DNS: What does it mean?
Domain Name System (DNS) is a naming database system. It is locating and translating domain names into IP addresses. Imagine it is like a directory or even like a mobile’s contacts list. Each one of the names corresponds with numbers, and they are accurately matched. DNS directory is spread worldwide. This system operates daily. It helps to explore and reach millions of domain names every day. Without Domain Name System, we would have to remember each site’s IP address to visit it. This sounds nearly impossible, considering how many sites are out there.
Domain Name System – fully explained
Varieties of servers
- Root servers – This is the start of the Domain Name System. Its sign is “.” at the very end of the domain name, yet everyday users don’t write it. The DNS resolution starts from there. After that continues to one of the name servers for the TLD of the domain.
- TLD name servers – Extensions like .com, .co .uk, .info, and so on are in the Top-Level-Domain level. TLD name servers will give information about which nameservers know the domain name you are seeking for.
- Authoritative name server. Here you can find the name of the site that you want to explore. The authoritative DNS name server has all the information for the site that you are searching. They will provide an authoritative answer.
- Recursive name servers. Their purpose is to answer queries. They may have the answer in their cache memory. If they don’t, the search will begin. It will start asking the other servers for an answer to the query.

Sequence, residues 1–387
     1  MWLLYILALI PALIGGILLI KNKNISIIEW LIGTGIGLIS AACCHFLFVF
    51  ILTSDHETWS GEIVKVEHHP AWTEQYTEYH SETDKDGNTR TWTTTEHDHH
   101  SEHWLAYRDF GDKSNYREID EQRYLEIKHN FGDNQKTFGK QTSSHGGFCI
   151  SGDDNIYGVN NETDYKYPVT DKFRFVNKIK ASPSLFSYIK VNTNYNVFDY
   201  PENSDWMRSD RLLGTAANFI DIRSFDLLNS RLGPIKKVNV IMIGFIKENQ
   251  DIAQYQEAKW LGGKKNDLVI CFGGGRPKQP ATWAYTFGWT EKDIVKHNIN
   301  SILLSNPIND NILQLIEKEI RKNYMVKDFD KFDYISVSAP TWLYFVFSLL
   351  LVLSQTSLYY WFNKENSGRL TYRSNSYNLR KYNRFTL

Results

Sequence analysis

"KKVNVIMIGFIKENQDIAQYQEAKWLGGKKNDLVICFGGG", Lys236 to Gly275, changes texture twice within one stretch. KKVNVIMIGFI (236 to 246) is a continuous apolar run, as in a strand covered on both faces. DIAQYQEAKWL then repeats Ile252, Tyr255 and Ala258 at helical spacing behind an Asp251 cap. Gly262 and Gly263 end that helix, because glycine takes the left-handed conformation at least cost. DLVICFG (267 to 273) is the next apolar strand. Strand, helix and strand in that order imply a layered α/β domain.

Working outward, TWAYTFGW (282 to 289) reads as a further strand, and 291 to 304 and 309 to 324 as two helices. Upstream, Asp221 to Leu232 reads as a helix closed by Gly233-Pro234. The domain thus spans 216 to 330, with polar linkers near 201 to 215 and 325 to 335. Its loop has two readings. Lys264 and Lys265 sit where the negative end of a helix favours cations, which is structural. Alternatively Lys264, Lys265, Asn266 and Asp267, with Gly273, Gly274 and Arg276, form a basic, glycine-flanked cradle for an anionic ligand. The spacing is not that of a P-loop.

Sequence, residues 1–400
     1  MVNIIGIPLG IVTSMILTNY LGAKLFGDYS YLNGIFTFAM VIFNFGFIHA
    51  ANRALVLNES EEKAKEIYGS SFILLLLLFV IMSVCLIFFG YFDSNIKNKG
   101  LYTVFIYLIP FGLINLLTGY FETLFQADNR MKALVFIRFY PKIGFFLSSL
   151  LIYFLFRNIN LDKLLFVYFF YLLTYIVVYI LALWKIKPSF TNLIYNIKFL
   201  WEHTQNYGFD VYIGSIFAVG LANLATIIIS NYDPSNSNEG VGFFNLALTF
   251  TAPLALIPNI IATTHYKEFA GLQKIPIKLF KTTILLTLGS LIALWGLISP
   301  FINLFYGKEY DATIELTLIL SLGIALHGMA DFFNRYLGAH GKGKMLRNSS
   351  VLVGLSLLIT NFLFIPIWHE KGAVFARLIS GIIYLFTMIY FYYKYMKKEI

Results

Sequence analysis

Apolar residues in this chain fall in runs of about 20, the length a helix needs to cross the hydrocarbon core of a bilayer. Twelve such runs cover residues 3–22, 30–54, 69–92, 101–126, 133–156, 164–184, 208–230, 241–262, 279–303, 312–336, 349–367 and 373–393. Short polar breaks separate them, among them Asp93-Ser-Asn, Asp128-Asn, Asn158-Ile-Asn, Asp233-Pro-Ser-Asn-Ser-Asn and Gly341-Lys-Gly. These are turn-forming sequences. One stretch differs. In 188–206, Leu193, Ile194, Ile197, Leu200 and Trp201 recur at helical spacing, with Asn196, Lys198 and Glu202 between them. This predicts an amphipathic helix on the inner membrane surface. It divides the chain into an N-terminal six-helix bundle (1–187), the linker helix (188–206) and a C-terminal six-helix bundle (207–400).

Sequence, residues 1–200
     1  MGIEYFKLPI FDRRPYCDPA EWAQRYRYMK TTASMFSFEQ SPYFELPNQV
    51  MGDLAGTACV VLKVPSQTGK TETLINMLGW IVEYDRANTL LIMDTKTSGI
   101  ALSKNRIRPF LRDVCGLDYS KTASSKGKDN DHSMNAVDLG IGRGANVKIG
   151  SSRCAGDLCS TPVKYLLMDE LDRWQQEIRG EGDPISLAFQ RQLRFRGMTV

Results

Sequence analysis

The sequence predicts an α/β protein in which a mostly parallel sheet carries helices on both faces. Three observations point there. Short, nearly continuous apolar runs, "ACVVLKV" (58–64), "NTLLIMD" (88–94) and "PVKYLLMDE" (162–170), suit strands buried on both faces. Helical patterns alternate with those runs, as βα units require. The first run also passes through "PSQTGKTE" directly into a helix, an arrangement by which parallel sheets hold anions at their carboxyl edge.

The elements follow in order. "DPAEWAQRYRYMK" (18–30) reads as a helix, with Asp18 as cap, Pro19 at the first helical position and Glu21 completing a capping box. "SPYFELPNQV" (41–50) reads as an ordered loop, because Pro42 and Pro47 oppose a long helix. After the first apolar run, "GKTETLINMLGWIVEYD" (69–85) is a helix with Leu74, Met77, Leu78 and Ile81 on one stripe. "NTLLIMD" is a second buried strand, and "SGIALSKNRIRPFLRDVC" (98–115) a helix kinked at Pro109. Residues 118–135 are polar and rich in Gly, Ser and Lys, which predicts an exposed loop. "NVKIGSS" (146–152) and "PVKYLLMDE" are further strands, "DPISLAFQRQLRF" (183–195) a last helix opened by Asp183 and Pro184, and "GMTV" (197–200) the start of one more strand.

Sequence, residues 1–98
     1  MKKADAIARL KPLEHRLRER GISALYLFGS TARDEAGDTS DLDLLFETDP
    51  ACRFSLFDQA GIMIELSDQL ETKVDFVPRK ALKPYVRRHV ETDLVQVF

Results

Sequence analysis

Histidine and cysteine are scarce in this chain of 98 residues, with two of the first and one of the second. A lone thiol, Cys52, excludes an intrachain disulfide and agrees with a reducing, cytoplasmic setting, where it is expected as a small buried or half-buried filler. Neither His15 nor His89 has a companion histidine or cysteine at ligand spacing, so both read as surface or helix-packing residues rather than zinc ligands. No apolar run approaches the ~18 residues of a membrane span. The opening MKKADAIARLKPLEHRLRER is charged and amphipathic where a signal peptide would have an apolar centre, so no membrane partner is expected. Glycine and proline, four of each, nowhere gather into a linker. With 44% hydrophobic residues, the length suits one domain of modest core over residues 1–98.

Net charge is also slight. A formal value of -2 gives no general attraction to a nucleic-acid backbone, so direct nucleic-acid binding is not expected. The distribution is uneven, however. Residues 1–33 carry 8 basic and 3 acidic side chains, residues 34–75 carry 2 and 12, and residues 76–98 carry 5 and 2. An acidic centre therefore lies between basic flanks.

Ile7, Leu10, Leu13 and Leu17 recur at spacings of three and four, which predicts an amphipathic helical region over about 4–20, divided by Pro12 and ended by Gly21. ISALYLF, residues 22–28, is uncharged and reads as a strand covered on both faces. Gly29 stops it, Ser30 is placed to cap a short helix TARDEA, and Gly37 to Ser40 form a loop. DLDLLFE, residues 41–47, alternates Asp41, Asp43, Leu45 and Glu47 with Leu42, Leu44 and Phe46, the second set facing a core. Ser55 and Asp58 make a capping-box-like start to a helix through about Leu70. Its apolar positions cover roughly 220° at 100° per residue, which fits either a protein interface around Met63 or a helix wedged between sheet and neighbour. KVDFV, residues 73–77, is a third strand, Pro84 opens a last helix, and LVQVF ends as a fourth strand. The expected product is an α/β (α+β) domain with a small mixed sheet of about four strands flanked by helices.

DNS Records are an essential part of understanding Domain Name System better. So let’s see some of these records and what they do.
- SOA record – includes administrative data about the DNS zone
- A record – indicates a domain name to IPv4 address.
- AAAA record – points a domain name to IPv6 address.
- MX record – reveals the email servers that are responsible for receiving messages for the domain name.
- NS record – points to the nameservers for the specific domain name.
- PTR record – Points an IP address to a domain name. It is the opposite of the A/AAAA record.
- CNAME record – indicates that one domain is simply another nickname for another.
Free DNS vs. Premium DNS
You can see that there are free DNS and Premium DNS. In today’s world, Premium can actually be a very beneficial thing to have. For sure, one of the main reasons for choosing Premium is security and speed.
Directing traffic and looking up DNS records can take a lot of time, even if it’s simply about milliseconds.
If you want to try the free Domain Name System, you will find it comparatively slow. Premium usually offers better performance.
Additionally, if you, unfortunately, happen to be under a DDoS attack, Premium DNS can provide better security and availability.
But still, there are Domain Name System service providers, which can offer many of the benefits of Premium DNS, but in a free version.